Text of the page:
"I was at Arnold through several mergers and buyouts as a manager of accounting," he said. "Eventually I was given oversight of purchasing, beginning in 1983. There was a three-person purchasing staff that reported to me, and I was pretty involved. The Greenwich plant with eight production lines was the main priority. It was the largest baking plant in the world at the time. We handled all purchases for packaging, ingredients and maintenance parts. In 1987, we merged with CPC in New Jersey, and they moved the Arnold corporate group to Fairfield, N.J., west of the Englewood Cliffs headquarters."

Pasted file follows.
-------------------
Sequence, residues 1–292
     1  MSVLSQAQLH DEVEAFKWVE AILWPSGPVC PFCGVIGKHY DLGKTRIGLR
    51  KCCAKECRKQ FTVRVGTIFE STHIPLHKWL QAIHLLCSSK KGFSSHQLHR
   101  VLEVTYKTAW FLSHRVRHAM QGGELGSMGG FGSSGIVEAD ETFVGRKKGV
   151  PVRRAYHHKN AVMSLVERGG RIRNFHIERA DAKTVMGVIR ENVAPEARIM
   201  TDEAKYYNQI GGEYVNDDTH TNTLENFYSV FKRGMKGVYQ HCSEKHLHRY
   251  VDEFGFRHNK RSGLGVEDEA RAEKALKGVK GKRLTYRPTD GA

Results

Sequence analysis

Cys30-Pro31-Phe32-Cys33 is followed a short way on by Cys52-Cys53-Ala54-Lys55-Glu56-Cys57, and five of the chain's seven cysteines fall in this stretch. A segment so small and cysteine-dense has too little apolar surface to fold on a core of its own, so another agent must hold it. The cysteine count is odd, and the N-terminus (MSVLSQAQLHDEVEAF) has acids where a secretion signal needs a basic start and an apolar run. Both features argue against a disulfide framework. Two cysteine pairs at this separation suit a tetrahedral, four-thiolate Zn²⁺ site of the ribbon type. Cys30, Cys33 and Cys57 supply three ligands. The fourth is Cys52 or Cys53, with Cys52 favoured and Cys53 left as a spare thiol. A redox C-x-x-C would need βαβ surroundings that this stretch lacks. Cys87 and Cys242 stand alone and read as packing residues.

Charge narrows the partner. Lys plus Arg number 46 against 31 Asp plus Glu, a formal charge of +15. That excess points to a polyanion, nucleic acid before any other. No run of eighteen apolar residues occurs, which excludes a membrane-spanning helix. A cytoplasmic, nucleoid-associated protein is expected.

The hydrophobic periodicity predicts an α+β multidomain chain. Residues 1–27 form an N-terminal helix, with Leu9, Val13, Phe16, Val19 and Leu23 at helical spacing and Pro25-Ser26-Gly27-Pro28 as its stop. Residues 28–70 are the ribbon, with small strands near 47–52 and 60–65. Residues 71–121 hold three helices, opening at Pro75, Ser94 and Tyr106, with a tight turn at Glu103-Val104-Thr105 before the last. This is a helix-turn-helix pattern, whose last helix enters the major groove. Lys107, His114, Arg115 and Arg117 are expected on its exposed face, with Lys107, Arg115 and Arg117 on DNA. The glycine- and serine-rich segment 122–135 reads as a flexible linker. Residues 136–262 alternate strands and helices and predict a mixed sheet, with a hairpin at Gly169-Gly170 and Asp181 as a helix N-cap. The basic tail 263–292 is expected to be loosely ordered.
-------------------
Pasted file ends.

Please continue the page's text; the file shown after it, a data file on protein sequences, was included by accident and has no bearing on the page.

In New Jersey, Mr. Farrell’s group was merged with the Bestfoods (the name changed from CPC) Thomas English muffin group to form Bestfoods Baking. He served as operations controller responsible for 25 plants that included Brownberry and Oroweat as well as Thomas and Arnold.

Reporting to the senior vice-president of manufacturing and the chief financial officer, Mr. Farrell said purchasing was not included in his portfolio of duties initially but two years later he was responsible for the function again, overseeing a team of six in charge of purchasing for the plants.

Mr. Farrell remained an operations controller until 1994, when he took the ultimate step toward applying the wide range of knowledge he’d gained over the previous 22 years in business.

He quit.

New York Italian Bakery